left-word      <M-left>, <C-left>
   Move point N words to the left (to the right if N is negative).
backward-word      ESC <left>, M-b
   Move backward until encountering the beginning of a word.

I presume this is to support:

    11.6 Shift Selection
    ====================

    If you hold down the shift key while typing a cursor motion command,
    this sets the mark before moving point, so that the region extends from
    the original position of point to its new position.  This feature is
    referred to as "shift-selection".  It is similar to the way text is
    selected in other editors.
    ...

I imagine that the keybinding ESC <left> mapping to backward-word
instead of left-word is the root cause of the difference.  WDYT?

Bob

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Re: ESC vs Meta for shifted keys

Bob Proulx
In reply to this post by Emanuel Berg-4
Emanuel Berg wrote:
> Does anyone use the actual ESC key instead of
> Meta ("Alt" or whatever the keyboard
> manufacturer puts on the key) these days?

I use both interchangeably all of the time.  And so does anyone using
an XTerm with "Meta sends ESC" configured even if they never hit the
ESC key themselves.  Because there is no character sent for a meta key
event, just escape sequences for the subsequent key.  Therefore Meta
with that setting on XTerm sends ESC and it all works mostly seemlessly.

> I've heard, and seen picture of how the
> keyboards once looked, and then it made more
> sense to use it.

I think you mean more sense to use meta-key using such keyboards?
Because it certainly makes sense to use Alt-f for example for M-f
forward-word and the rest of the meta characters.  Current popular
keyboards all have an Alt key.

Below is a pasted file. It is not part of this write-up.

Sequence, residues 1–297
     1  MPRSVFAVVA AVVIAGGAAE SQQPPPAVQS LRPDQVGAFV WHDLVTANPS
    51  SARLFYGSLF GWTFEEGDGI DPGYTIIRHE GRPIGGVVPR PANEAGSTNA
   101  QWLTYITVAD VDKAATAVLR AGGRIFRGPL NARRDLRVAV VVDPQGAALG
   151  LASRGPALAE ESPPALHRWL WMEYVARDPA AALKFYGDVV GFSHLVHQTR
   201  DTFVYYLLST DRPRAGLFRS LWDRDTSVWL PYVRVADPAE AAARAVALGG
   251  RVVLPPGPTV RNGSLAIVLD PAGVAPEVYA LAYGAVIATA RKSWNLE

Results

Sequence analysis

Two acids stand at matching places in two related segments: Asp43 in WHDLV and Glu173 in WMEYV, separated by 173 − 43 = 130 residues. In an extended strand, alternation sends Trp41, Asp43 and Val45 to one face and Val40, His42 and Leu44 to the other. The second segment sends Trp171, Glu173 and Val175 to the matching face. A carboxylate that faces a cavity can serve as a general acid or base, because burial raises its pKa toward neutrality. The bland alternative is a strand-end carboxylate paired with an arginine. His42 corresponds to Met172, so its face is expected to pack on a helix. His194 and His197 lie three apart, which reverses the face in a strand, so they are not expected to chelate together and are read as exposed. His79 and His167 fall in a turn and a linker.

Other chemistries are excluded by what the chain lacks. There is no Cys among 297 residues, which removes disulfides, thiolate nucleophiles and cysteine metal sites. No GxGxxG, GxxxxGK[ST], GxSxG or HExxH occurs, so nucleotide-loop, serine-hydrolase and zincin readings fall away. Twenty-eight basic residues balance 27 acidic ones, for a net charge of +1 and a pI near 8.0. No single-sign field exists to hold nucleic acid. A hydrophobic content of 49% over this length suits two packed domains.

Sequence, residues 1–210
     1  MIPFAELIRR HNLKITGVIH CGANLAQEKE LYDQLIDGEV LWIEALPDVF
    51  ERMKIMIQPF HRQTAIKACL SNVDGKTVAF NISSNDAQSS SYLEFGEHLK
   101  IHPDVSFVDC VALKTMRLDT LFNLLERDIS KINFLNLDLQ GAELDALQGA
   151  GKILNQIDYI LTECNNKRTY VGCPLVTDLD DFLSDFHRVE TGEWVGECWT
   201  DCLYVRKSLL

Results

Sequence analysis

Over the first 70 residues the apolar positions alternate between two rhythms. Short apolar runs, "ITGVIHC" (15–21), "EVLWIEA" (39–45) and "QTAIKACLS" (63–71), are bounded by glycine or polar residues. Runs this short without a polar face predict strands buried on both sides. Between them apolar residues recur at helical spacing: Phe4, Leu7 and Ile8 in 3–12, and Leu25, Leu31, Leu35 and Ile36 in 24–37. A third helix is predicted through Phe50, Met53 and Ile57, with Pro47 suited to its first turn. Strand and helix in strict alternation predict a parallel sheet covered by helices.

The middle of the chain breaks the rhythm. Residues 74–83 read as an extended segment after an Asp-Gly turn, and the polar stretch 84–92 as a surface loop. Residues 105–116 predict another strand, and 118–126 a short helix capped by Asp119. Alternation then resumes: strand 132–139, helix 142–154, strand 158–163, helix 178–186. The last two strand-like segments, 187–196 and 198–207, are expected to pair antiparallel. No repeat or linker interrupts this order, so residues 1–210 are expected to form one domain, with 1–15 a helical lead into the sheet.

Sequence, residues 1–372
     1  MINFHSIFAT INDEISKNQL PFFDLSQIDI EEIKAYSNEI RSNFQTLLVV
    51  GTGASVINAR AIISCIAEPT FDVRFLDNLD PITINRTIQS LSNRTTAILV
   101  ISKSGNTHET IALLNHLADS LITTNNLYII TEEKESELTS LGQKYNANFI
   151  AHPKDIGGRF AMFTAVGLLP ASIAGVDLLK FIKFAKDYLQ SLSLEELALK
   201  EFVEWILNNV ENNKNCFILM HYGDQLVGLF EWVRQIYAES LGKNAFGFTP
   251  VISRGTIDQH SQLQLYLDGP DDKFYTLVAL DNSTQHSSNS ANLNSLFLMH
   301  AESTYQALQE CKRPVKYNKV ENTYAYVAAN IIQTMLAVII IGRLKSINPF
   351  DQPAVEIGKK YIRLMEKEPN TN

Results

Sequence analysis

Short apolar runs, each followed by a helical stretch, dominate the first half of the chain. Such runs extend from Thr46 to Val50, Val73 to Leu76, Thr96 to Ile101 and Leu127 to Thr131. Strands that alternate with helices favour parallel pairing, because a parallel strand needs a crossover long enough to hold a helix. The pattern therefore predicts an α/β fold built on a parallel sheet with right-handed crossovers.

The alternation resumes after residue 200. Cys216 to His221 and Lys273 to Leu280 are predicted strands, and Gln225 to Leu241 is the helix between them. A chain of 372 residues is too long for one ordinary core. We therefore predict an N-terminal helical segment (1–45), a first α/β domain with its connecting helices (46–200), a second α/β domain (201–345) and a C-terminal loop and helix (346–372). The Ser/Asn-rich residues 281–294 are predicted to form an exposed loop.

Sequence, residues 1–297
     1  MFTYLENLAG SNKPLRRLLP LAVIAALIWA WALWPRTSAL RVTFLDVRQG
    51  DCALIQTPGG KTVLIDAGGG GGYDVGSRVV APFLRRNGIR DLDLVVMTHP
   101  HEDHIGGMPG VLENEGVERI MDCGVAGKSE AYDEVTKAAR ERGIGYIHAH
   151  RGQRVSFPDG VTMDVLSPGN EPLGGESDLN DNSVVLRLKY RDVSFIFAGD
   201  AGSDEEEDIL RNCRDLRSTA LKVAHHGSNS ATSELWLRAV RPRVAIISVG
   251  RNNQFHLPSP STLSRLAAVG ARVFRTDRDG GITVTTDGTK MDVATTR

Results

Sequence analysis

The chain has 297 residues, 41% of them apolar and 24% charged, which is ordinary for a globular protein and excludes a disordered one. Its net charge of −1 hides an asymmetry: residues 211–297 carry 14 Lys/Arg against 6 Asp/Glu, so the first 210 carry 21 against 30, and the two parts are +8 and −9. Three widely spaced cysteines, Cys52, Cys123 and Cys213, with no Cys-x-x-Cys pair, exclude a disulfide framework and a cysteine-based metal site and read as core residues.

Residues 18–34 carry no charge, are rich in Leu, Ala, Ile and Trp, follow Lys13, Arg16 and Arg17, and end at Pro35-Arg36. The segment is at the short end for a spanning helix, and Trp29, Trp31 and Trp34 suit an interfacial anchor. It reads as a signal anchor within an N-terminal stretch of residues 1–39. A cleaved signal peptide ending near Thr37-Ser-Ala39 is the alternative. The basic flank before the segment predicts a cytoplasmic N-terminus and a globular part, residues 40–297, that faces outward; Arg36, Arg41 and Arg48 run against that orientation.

> Perhaps those keyboards didn't have the arrow
> keys, and that's why it doesn't work :)

The symbolics keyboard actually had a *different* arrow set than has
become standard.  The current "standard" comes from the ADM-3a.

  https://deskthority.net/keyboards-f2/lear-siegler-adm3a-terminal-keyboard-t11780.html

Compare the arrow keys on the h, j, k, l on the ADM-3a to the
Symbolics Space Cadet keyboard and you can see that the ADM-3a is the
one that set the standard and the space cadet keyboard has been
forgotten.

> Monnier knows what to Google Image to find such
> a keyboard image. If he does, I promise not to
> lose it :$

How about this one?

  https://en.wikipedia.org/wiki/Space-cadet_keyboard

Bob

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Re: ESC vs Meta for shifted keys

Bob Proulx
Bob Proulx wrote:
>   https://deskthority.net/keyboards-f2/lear-siegler-adm3a-terminal-keyboard-t11780.html
>
> Compare the arrow keys on the h, j, k, l on the ADM-3a to the ...

I will also add to this to look at the position of the control key.
That is the position where I got used to it being.  When IBM came out
with their keyboard and put capslock there it was a tragedy!  This is
why I remap capslock to control and find it hard to use control in any
other position.  I am rather happy with the other changes such as
Return and so forth though.  (shrug)

In the ADM-3a one also sees the relationship between HOME and ~ too.
It was really quite the trend setter. :-)

  https://jbcrawford.us/history/computers/adm3a

Bob

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Re: ESC vs Meta for shifted keys

Stefan Monnier
In reply to this post by Bob Proulx
>> The ESC <-> Meta equivalence only holds for characters, not for
>> "special keys" such as `left`, indeed.  Not sure why.
> It seems to work for me.  Using C-h c to describe keys in both a
> terminal and a graphical emacs shows:
>
>   ESC <left> (translated from ESC M-O D) runs the command backward-word
>   <M-left> runs the command left-word

In which sense does it work for you?  The above shows clearly that
`M-left` and `ESC left` aren't treated identically.


        Stefan


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Re: ESC vs Meta for shifted keys

Bob Proulx